Author’s Note: This was written live on stream, with the tone being determined by the numbers under minesweeper tiles. The audience could bid tokens earned in stream to reveal random tiles. A mine hit results in the death of all characters, unless they are temporarily saved by a lump sum of tokens. If characters make it to the end of the stream, they survive to be seen another day. Join us at twitch.tv/blainearcade if you wish to participate.
1-peace 2-alert 3-escalation 4-action 5-tragedy 6-world-changing
The minefield has been moved. It now connects the Trap to a new world, a new game. There is no destruction this time, nothing forcing them to flee. Only the brave, curious, and strange will take the journey. Who will step through the fog and face the myriad dangers of the field?
Three enter: Barton the frighteningly regular guy, Glint the polished talkative labradorite chunk, and the chaotic Man of Lines.
Most who entered the minefield were brave, but not the latest trio. They had been kicked out for disturbing the peace in various ways. Barton, in his plain collared shirt and business slacks, had such a thing coming for years. His life followed too pure of a course: decent grades, a fair number of friends, a steady girlfriend, and an even steadier job. He never had any personal tragedies, his parents looked like they would live to be three hundred, and he never needed anyone’s sympathy.
They kicked him out, with the pretense being that he needed some chaos in his life. In reality, most were either just jealous or unsettled by the calm in his eyes. His companion, on the other hand, was practically chaos incarnate. He was a thin being, too thin to hold a name, barely visible from the front. He referred to himself only as ‘Man of Lines’.
They entered the minefield together, but Barton immediately tripped on something that had been thrown in there just three hours earlier. It was a polished chunk of labradorite, beautiful in its iridescence. When a face was reflected in it, the reflection would speak. The stone told them his name was Glint.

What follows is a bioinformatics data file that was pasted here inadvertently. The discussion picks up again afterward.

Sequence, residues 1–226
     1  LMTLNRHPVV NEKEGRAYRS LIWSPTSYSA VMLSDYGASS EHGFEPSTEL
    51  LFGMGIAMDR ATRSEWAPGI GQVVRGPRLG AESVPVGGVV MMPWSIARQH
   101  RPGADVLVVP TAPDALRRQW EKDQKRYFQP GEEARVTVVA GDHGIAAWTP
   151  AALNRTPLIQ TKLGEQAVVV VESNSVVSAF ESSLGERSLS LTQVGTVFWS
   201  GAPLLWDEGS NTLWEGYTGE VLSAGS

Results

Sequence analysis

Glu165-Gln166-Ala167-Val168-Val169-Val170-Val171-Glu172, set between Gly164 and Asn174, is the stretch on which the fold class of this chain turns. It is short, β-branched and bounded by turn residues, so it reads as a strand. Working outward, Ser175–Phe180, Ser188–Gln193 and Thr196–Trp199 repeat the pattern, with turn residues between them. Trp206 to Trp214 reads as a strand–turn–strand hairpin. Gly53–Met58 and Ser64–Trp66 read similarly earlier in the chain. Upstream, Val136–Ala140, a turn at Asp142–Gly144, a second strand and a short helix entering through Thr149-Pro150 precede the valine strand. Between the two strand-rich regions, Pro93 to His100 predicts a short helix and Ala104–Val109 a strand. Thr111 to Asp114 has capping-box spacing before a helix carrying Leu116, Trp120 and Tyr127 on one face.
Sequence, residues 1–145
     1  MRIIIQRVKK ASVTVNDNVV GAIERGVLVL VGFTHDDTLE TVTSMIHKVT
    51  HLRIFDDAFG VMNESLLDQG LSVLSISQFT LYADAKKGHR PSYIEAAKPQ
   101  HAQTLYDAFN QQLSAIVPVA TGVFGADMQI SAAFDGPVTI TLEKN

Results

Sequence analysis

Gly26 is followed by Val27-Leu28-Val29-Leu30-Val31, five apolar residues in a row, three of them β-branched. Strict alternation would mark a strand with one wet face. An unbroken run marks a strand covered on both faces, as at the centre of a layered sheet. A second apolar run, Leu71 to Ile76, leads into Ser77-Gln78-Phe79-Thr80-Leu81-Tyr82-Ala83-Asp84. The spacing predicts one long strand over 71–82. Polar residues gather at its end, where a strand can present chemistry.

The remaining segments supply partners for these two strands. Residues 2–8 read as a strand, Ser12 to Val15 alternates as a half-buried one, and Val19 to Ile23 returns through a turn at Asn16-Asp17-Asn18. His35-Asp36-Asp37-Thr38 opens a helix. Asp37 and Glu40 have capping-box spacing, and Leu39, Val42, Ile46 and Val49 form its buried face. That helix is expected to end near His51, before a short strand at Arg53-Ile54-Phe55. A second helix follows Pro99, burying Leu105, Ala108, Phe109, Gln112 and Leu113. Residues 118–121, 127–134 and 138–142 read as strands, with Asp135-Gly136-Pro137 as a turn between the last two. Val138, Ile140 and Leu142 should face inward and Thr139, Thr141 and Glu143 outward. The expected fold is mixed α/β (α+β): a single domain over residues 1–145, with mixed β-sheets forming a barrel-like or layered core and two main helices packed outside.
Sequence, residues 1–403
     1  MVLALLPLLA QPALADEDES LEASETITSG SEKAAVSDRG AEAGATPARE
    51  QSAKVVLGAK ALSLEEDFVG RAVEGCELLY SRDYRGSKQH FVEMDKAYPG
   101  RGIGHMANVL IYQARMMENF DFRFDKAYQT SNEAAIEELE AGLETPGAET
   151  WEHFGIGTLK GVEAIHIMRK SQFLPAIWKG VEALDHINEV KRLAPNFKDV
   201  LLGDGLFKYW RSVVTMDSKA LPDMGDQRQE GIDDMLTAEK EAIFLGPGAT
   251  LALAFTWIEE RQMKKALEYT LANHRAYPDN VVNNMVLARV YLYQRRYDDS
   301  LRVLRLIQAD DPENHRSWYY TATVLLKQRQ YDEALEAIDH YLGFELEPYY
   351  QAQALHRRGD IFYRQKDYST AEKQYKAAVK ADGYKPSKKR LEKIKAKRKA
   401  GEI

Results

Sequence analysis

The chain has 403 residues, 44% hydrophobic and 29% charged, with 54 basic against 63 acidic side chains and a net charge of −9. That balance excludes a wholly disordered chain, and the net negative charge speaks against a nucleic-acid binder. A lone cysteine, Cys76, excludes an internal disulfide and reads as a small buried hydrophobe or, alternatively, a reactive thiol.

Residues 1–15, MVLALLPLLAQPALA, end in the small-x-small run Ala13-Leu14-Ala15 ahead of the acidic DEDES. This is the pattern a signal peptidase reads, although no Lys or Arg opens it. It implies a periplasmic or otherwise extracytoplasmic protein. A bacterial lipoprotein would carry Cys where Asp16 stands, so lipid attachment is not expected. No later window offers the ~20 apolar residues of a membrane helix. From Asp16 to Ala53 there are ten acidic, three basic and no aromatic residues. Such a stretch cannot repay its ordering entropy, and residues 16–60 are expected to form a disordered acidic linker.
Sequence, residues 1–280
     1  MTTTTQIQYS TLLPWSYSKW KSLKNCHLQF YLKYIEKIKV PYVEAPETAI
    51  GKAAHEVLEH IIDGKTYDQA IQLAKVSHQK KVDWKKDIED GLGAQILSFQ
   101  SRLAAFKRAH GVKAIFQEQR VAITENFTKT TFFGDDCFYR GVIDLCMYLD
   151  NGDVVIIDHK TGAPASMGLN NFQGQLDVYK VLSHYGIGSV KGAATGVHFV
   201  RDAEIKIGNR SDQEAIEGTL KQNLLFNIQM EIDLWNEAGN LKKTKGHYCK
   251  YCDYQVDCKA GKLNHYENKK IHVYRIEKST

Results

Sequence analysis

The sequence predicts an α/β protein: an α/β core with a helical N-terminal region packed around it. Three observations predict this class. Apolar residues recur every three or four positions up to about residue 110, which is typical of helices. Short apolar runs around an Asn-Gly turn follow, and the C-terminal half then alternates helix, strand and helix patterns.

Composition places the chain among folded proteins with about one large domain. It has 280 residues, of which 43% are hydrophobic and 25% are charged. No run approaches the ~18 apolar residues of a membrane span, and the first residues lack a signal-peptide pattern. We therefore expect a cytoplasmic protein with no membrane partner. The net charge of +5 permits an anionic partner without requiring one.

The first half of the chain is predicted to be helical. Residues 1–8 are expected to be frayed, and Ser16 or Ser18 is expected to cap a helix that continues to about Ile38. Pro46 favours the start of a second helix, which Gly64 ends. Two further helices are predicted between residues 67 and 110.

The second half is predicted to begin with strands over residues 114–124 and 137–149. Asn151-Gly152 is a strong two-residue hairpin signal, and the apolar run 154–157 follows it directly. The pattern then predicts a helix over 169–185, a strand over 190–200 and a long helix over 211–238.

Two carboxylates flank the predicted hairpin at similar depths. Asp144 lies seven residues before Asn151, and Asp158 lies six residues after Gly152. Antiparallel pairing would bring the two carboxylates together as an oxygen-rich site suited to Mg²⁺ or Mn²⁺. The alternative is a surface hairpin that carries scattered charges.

“Hang on, let me test something first,” Man of Lines said. He threw out a hand too thin to see, so Barton ran right into it. “This place is a jumble. My disaster senses are tingling. Let me handle this.” The line moved forward, barely disturbing the grass.
“What’s there to handle? I don’t see anything other than those goldenrod clouds,” Glint said, using the reflection of Barton’s mouth.
“All this!” Man of Lines shot into the ground like a bolt of lightning. He bounced in and out repeatedly, throwing dirt clods with each strike. With each hole came a series of shrieks and squeaks. All sorts of rodents began to pop out of invisible burrows and scurry around: moles, voles, mice, and rats. Some of them seeemed eager to bite, but Man of Lines swung in like a baseball bat and knocked them all away from Barton and Glint.
Some of the rats had bandoliers, by which they dragged strange firearms. It took three or four of them to aim the guns properly, enough time for Man of Lines to slice through the weapons before a single shot could go off. Once they were disarmed, the rodents bowed to the travelers and begged for mercy.
“Please!” one of the rats squeaked, holding out its tiny pink hands in a sort of desperate prayer. “We were just going to defend our new home if you attacked. That’s all! You did… sort of attack.”
“I did sort of attack,” Man of Lines pondered aloud, but the thought didn’t seem to worry him.
“New home? Where did you come from?” Barton asked. If the rats fled the other side of the minefield, perhaps it wasn’t the kind of place he wanted to go.